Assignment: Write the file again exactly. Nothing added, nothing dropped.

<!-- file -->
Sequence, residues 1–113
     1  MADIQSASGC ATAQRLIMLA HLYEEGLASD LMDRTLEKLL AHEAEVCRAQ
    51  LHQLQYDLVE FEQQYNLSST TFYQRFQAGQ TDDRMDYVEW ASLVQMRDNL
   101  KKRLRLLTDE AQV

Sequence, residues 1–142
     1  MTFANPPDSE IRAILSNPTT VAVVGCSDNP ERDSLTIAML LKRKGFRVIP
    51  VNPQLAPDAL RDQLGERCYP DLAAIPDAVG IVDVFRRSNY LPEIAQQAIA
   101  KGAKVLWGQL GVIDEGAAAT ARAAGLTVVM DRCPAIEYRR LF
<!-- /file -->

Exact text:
Sequence, residues 1–113
     1  MADIQSASGC ATAQRLIMLA HLYEEGLASD LMDRTLEKLL AHEAEVCRAQ
    51  LHQLQYDLVE FEQQYNLSST TFYQRFQAGQ TDDRMDYVEW ASLVQMRDNL
   101  KKRLRLLTDE AQV

Sequence, residues 1–142
     1  MTFANPPDSE IRAILSNPTT VAVVGCSDNP ERDSLTIAML LKRKGFRVIP
    51  VNPQLAPDAL RDQLGERCYP DLAAIPDAVG IVDVFRRSNY LPEIAQQAIA
   101  KGAKVLWGQL GVIDEGAAAT ARAAGLTVVM DRCPAIEYRR LF